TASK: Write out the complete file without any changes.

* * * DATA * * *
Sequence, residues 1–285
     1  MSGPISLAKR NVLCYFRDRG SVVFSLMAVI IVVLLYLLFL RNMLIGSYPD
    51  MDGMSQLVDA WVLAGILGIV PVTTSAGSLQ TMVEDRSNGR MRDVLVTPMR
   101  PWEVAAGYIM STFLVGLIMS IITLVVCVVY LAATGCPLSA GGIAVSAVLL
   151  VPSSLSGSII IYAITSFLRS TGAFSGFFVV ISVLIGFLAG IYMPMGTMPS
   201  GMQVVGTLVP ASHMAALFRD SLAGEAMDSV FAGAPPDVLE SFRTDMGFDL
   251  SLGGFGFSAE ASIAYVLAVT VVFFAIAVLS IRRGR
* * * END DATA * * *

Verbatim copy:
Sequence, residues 1–285
     1  MSGPISLAKR NVLCYFRDRG SVVFSLMAVI IVVLLYLLFL RNMLIGSYPD
    51  MDGMSQLVDA WVLAGILGIV PVTTSAGSLQ TMVEDRSNGR MRDVLVTPMR
   101  PWEVAAGYIM STFLVGLIMS IITLVVCVVY LAATGCPLSA GGIAVSAVLL
   151  VPSSLSGSII IYAITSFLRS TGAFSGFFVV ISVLIGFLAG IYMPMGTMPS
   201  GMQVVGTLVP ASHMAALFRD SLAGEAMDSV FAGAPPDVLE SFRTDMGFDL
   251  SLGGFGFSAE ASIAYVLAVT VVFFAIAVLS IRRGR